Definitions

from The American Heritage® Dictionary of the English Language, 4th Edition

  • adj. Prevalent in or peculiar to a particular locality, region, or people: diseases endemic to the tropics. See Synonyms at native.
  • adj. Ecology Native to or confined to a certain region.
  • n. Ecology An endemic plant or animal.

from Wiktionary, Creative Commons Attribution/Share-Alike License

  • adj. Native to a particular area or culture; originating where it occurs.
  • adj. Peculiar to a particular area or region; not found in other places.
  • adj. Prevalent in a particular area or region.
  • n. An individual or species that is endemic to a region.

from the GNU version of the Collaborative International Dictionary of English

  • adj. Peculiar to a district or particular locality, or class of persons.
  • adj. Belonging or native to a particular people or country; native as distinguished from introduced or naturalized; hence, regularly or ordinarily occurring in a given region; local; ; -- often distinguished from exotic.
  • n. An endemic disease.

from The Century Dictionary and Cyclopedia

  • Peculiar to a people or nation, or to the residents of a particular locality: chiefly applied to diseases.
  • In phytogeography and zoögeog., peculiar to and characteristic of a locality or region, as a plant or an animal; indigenous or autochthonous in some region, and not elsewhere.
  • n. A prevalence of endemic disease.
  • In phytogeography, properly, confined to a particular region, whether indigenous or not: sometimes confused with indigenous.

from WordNet 3.0 Copyright 2006 by Princeton University. All rights reserved.

  • adj. of or relating to a disease (or anything resembling a disease) constantly present to greater or lesser extent in a particular locality
  • n. a plant that is native to a certain limited area
  • adj. native to or confined to a certain region
  • n. a disease that is constantly present to a greater or lesser degree in people of a certain class or in people living in a particular location
  • adj. originating where it is found

Etymologies

From Greek endēmos, native, endemic : en-, in; see en-2 + dēmos, people; see dā- in Indo-European roots.
(American Heritage® Dictionary of the English Language, Fourth Edition)
From Ancient Greek ἐν (en, "in") + δῆμος (dēmos, "people"). Possibly via ἔνδημος (endēmos) and/or French endémique. (Wiktionary)

Examples

  • The charges come as Justice Department civil rights division lawyers, at the invitation of New Orleans Mayor Mitch Landrieu, conduct a broader probe of the New Orleans Police Department to root out what he called endemic corruption of a department plagued by incompetence long before Katrina.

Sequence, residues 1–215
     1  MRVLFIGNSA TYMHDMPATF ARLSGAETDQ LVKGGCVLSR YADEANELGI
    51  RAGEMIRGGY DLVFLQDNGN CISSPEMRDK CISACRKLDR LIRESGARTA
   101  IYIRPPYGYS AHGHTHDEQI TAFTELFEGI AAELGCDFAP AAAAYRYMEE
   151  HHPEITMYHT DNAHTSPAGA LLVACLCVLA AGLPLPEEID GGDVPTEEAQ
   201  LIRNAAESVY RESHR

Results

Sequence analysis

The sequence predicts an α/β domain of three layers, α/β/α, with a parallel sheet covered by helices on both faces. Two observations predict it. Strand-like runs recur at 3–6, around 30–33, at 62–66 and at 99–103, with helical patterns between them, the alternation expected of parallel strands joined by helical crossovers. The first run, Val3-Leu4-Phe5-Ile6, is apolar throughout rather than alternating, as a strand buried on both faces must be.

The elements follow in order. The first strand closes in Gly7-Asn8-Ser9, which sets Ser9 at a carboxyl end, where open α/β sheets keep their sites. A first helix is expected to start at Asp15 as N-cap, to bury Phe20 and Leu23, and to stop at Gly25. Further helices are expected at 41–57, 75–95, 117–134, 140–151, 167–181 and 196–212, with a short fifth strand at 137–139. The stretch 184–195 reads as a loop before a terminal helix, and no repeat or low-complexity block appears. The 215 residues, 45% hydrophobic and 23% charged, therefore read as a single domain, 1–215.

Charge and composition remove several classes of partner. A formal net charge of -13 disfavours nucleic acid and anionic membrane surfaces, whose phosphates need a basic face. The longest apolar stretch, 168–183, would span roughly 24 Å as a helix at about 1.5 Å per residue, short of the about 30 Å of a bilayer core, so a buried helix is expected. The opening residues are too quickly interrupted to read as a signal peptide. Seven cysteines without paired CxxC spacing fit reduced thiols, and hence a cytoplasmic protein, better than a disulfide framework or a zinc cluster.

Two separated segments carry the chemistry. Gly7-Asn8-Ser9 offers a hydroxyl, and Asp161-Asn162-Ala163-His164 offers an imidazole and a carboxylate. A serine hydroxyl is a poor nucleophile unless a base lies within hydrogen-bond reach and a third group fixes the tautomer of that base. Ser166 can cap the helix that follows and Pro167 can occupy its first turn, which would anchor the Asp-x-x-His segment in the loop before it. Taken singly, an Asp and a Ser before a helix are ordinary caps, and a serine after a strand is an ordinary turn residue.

Police Officers Charged Over Post-Katrina Deaths

  • Another endemic is the golden Cattleya orchid, (Cattleya aurea), that is sympatric in the upper Sinú with the gigas Cattleya orchid, (Cattleya warscewickzii), showing the contact zone between Magdalena Medio and Chocó-Darién; the upper Sinú is the only place where the naturally occurring hybrid, the spectacular (Cattleya X hardyana) has been found.

    Sinú Valley dry forests

  • A civil liberties group surveyed 37 different countries and named Britain, along with Russia, China, Malaysia and Singapore as countries that practice what it terms endemic surveillance against individuals.

    CNN Transcript Nov 2, 2006

  • She said that everyone at FAMU -- from administrators, to students, to alumni -- and other schools need to work together to stop hazing, which she called endemic to a larger cultural issue.

    CNN.com

  • The news reporting on this blog (especially the back story) is much more robust than most of the drivel reported by the electronic media, and it never contains the pro-establishment spin endemic to the Oregonian and (to a lesser extent) the Tribune and Willy Week.

    Just don't call me Chief (Jack Bog's Blog)

  • Unfortunately, a pothole perspective that seems almost endemic is bringing Sioux Falls far too close to falling off a cliff.

    A Progressive on the Prairie » Suffering from pothole perspective » Print

  • Certain endemic diseases seemed to be connected with certain geographical locations and weather patterns.

    Pestilence and Headcolds: Encountering Illness in Colonial Mexico

  • Isolating mechanisms and modes of speciation in endemic angiosperms of the Juan Fernandez Islands.

    Juan Fernández Islands temperate forests

  • But many of those problems remain endemic to the Arab world.

    The Roots of Our Discontent

  • Certain endemic diseases which have been almost entirely eliminated in the industrialized world are responsible for rampant child sickness and still take a shocking toll of child life.

    United Nations Children's Fund - Nobel Lecture

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